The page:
The guidelines for drinking alcohol while pregnant are pretty clear, but what happens after the baby arrives? Sometimes mama just wants to unwind with a splash of merlot. So here’s everything you need to know about drinking wine while nursing, according to a group healthcare professionals including a lactation consultant, as well as medical doctors with specialties in pediatrics and OB/GYN care.
It’s also worth noting that although many moms can (and do) enjoy wine responsibly, there are also some understandable concerns about “mom wine culture” overall.
How much wine can I drink while breastfeeding?
“Remember that the best recommendation is to not drink and breastfeed ideally, but there is a lower risk to your baby if you stick to just one serving size,” N. Bande Mangaliso Virgil, MD, FAAP, a board-certified pediatrician and newborn hospitalist, tells Romper in an email. “It's important for breastfeeding mothers to know that drinking while nursing requires a commitment to understanding standard serving sizes for wine. I find that so many of us love our oversized wine glasses, and may not always remember that a serving is considered 4-5 ounces.” It may feel a little odd to measure wine before pouring it into your glass, sure, but it’s the safest way to imbibe.
Does it make a difference if I'm drinking white, red, or rosé ?
“It does not matter if it is white, red or rosé, as they all have about 12-14% abv,” Jennie Hauschka, MD, FACOG, an OB/GYN, tells Romper. Because the alcohol content is similar, sticking to a single serving of wine is generally a good choice.
How long should I wait after I've had a glass of wine to breastfeed or pump?
Knowing how long wine stays in the system is another key piece of info. “The alcohol content passed to the baby is 5-6% of what the mother takes in and the alcohol is cleared from the blood in 2 hours,” says Dr. Hauschka. “So, if a mom wants to have a glass of wine and not have any exposure of her baby to alcohol, wait 2 hours after drinking the glass before nursing or giving the baby pumped milk. For each additional glass, add another 2 hours for complete clearance.”
Does wine affect supply?
“Drinking does not have a direct effect on milk supply,” Ashley Georgakopoulos, Motif Medical Lactation Director & IBCLC, tells Romper. “However intoxication/need creation may affect cognitive ability to remember to feed as often as one should, and with enough time to metabolize, so exercise caution. Long periods of time tells the body the milk is not needed and will stunt the milk supply potentially.” Occasional, casual consumption of wine appears to be okay, though.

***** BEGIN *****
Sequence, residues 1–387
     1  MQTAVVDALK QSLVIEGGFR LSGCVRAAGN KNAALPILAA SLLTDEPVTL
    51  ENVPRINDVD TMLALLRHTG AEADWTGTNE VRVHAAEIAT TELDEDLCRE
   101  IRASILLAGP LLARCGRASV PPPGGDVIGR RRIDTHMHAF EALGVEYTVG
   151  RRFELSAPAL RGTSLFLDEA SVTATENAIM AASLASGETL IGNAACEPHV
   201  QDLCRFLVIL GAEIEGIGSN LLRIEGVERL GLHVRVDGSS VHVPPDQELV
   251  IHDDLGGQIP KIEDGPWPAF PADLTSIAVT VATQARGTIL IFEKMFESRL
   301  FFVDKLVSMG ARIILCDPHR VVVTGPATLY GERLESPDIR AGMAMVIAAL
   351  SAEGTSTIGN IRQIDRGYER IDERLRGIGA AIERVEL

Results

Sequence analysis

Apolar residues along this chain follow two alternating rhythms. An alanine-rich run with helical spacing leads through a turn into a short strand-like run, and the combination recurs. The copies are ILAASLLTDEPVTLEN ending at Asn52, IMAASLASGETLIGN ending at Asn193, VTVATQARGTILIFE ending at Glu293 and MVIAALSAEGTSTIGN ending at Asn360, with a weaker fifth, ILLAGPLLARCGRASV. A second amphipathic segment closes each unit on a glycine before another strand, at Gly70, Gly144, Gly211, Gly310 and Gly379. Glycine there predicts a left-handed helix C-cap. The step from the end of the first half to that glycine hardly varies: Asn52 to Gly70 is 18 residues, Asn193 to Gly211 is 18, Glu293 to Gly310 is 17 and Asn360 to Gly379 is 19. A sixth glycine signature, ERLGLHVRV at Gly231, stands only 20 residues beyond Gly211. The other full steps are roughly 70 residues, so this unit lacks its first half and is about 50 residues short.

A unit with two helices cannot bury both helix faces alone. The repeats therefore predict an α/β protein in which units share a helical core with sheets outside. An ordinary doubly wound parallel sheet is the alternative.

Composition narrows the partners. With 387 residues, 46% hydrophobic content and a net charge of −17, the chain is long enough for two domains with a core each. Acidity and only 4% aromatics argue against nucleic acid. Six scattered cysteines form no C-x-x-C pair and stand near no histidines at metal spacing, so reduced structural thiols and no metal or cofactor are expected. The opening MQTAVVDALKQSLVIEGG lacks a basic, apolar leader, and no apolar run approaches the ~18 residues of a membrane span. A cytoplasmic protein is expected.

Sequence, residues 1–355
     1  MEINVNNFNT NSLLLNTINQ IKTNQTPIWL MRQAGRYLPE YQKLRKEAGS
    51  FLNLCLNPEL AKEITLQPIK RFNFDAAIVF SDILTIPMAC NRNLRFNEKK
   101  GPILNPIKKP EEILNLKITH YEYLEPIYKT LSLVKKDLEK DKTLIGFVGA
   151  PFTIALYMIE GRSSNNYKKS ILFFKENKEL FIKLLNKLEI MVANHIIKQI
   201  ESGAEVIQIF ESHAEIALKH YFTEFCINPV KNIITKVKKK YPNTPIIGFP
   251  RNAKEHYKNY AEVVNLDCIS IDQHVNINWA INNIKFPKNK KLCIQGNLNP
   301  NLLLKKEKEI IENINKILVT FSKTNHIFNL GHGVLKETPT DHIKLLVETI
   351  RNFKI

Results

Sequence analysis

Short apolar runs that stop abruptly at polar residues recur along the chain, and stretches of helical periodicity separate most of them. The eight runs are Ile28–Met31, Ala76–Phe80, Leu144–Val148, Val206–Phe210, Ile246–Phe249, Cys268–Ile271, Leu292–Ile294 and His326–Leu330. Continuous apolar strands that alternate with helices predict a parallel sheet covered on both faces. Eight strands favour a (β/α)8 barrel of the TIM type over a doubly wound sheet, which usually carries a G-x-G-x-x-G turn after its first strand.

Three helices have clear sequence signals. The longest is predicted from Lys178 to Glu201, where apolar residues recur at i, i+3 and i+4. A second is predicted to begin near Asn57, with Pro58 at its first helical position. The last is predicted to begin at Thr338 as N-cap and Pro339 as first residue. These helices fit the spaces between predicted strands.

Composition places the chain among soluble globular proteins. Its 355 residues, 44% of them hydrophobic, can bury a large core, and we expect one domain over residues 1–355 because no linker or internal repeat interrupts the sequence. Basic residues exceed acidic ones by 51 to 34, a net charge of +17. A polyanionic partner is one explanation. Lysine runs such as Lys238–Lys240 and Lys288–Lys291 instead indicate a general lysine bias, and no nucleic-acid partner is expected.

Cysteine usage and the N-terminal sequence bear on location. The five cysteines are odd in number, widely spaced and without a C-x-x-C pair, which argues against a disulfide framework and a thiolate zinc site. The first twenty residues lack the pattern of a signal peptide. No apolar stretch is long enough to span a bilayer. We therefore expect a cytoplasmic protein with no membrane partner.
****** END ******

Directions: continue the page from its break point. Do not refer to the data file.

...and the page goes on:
Higher levels of alcohol consumption could potentially affect your supply, however. Consuming 5 or more drinks can decrease milk letdown and disrupt nursing, according to a study in the Drugs and Lactation Database (LactMed). In addition, heavier alcohol use is associated with less time breastfeeding, according to the study.
Also, wine may affect your body’s ability to nurse. “Alcohol blunts the response that a mom's body has to suckling,” as Noha Polack, MD, FAAP, pediatrician at Progressive Pediatrics, tells Romper. “Usually once a baby starts to nurse a hormone called prolactin is released and signals to the body to continue to make breast milk. Alcohol blunts the body's prolactin release so it can decrease the breast milk supply.” If you’re concerned about wine (or anything else) affecting your supply of breastmilk, then discuss it with your doctor.
How often should you drink wine while nursing?
“The frequency of drinking should be no more than once per week,” says Dr. Polack. In addition, it’s recommended that people who are nursing do not consume more than one standard drink per day, according to the Centers for Disease Control and Prevention (CDC). Sipping a single serving of wine every week or so, and waiting about two hours before breastfeeding or pumping, looks like the safest way to enjoy wine while lactating.
What else should you know about wine and nursing?
That first postpartum glass of vino may have more of a kick than you expect. Not only can pregnancy change your tastes and preferences, but you may also be more of a lightweight after not drinking for nine months. You may not need a full glass to start feeling the effects.
Lastly, there’s a very practical thing to keep in mind. “Remember that if you get tipsy, that 3:00 am wake up call for a hungry baby is going to suck a lot more!” says Dr. Hauschka.
If you're at all concerned about your relationship with alcohol, don't hesitate to reach out for help. For immediate assistance, please contact the Substance Abuse and Mental Health Services Administration (SAMHSA) National Helpline at 1-800-662-HELP (4357).
Ashley Georgakopoulos, Motif Medical Lactation Director & IBCLC
Jennie Hauschka, MD, FACOG, an OB/GYN
N. Bande Mangaliso Virgil, MD, FAAP, Pediatric Hospitalist, Clinical Assistant Professor of Pediatrics, Author, and Board Certified Pediatrician
Drugs and Lactation Database (LactMed) [Internet]. Bethesda (MD): National Library of Medicine (US); 2006–. Alcohol. 2021 May 17. PMID: 30000529.